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1.  The Role of Optical Coherence Tomography in Coronary Intervention 
Optical coherence tomography (OCT) is an optical analog of intravascular ultrasound (IVUS) that can be used to examine the coronary arteries and has 10-fold higher resolution than IVUS. Based on polarization properties, OCT can differentiate tissue characteristics (fibrous, calcified, or lipid-rich plaque) and identify thin-cap fibroatheroma. Because of the strong attenuation of light by blood, OCT systems required the removal of blood during OCT examinations. A recently developed frequency-domain OCT system has a faster frame rate and pullback speed, making the OCT procedure more user-friendly and not requiring proximal balloon occlusion. During percutaneous coronary intervention (PCI), OCT can provide detailed information (dissection, tissue prolapse, thrombi, and incomplete stent apposition [ISA]). At follow-up examinations after stent implantation, stent strut coverage and ISA can be assessed. Several OCT studies have demonstrated delayed neointimal coverage following drug-eluting stent (DES) implantation vs. bare metal stent (BMS) placement. While newer DESs promote more favorable vascular healing, the clinical implications remain unknown. Recent OCT studies have provided insights into restenotic tissue characteristics; DES restenotic morphologies differ from those with BMSs. OCT is a novel, promising imaging modality; with more in-depth assessments of its use, it may impact clinical outcomes in patients with symptomatic coronary artery disease.
doi:10.3904/kjim.2012.27.1.1
PMCID: PMC3295975  PMID: 22403493
Tomography, optical coherence; Ultrasonography, interventional; Angioplasty; Stents; Coronary disease
2.  Preserved Coronary Endothelial Function by Inhibition of δ Protein Kinase C in a Porcine Acute Myocardial Infarction Model 
International journal of cardiology  2008;133(2):256-259.
Background
Previous studies demonstrate impairment of endothelial-dependent vasodilation after ischemia/reperfusion (I/R). Though we have demonstrated that inhibition of δ protein kinase C (δPKC) at reperfusion reduces myocyte damage and improves cardiac function in a porcine acute myocardial infarction (AMI) model, impact of the selective δPKC inhibitor on epicardial coronary endothelial function remains unknown.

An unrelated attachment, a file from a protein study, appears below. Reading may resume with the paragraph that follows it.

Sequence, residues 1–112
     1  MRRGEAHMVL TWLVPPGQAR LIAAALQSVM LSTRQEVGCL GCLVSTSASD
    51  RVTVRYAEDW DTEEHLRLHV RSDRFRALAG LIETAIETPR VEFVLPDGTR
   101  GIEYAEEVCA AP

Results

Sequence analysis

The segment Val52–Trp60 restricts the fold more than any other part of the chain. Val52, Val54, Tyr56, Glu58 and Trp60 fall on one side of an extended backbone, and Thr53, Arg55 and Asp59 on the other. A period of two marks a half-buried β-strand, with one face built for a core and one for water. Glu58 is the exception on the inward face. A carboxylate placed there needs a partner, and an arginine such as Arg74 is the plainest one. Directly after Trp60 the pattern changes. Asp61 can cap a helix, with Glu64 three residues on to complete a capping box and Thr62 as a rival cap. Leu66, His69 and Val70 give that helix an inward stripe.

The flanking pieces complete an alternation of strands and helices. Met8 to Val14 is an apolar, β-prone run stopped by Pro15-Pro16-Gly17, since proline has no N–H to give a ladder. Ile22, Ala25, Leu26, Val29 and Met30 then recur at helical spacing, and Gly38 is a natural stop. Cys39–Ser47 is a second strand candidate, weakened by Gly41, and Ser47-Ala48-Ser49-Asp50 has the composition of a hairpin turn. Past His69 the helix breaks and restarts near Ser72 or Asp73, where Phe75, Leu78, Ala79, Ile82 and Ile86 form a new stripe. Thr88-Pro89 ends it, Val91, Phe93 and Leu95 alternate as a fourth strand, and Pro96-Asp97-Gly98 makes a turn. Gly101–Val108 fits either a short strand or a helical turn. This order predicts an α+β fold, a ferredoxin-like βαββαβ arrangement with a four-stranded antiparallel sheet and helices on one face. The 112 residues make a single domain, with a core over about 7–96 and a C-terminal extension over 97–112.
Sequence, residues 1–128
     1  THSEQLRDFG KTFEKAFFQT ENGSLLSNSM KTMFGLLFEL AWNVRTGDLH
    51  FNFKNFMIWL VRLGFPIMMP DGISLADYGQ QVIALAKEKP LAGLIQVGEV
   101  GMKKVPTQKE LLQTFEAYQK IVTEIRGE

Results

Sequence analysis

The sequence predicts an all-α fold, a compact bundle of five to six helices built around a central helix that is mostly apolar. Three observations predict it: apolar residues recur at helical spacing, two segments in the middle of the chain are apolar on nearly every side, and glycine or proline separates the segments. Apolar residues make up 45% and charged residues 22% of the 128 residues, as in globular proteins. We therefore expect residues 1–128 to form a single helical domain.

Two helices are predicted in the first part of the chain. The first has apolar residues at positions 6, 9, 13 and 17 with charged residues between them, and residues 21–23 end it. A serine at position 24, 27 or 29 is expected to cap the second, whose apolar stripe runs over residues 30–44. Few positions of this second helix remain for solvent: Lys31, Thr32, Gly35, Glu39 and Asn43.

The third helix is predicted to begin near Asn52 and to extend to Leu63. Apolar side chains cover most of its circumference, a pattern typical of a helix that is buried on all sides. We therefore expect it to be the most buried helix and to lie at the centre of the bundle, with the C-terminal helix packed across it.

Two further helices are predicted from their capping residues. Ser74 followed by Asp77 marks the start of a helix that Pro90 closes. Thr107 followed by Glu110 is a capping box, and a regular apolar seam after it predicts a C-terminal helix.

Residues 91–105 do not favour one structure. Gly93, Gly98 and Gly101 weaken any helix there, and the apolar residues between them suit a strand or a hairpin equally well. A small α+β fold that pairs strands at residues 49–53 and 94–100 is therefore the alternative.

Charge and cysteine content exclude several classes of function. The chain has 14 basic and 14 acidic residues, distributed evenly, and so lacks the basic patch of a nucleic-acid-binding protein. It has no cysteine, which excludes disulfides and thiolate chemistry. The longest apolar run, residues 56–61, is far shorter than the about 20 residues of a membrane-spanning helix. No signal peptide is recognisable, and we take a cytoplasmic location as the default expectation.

Methods
Either δPKC inhibitor (δV1-1, n=5) or saline (n=5) was infused into the left anterior descending artery at the last 1 minute of the 30-minute ischemia by balloon occlusion. In vivo responses to bradykinin (endothelium-dependent vasodilator) or nitroglycerin (endothelium-independent vasodilator) were analyzed at 24 h after I/R using intravascular ultrasound. Vascular responses were calculated as the ratio of vessel area at each time point (30, 60, 90 and 120 seconds after the infusion), divided by values at baseline (before the infusion).
Results
In control pigs, endothelial-dependent vasodilation following bradykinin infusion in infarct-related epicardial coronary artery was impaired, whereas in δPKC inhibitor treated-pigs the endothelial-dependent vasodilation was preserved. Nitroglycerin infusion caused similar vasodilatory responses in the both groups.
Conclusions
This is the first demonstration that a δPKC inhibitor preserves vasodilator capacity in epicardial coronary arteries in an in vivo porcine AMI model. Because endothelial dysfunction correlates with worse outcome in patients with AMI, this preserved endothelial function in epicardial coronary arteries might result in a better clinical outcome.
doi:10.1016/j.ijcard.2007.11.021
PMCID: PMC2688394  PMID: 18242734
ultrasonography; angioplasty; myocardial infarction; protein kinases; endothelium

Results 1-2 (2)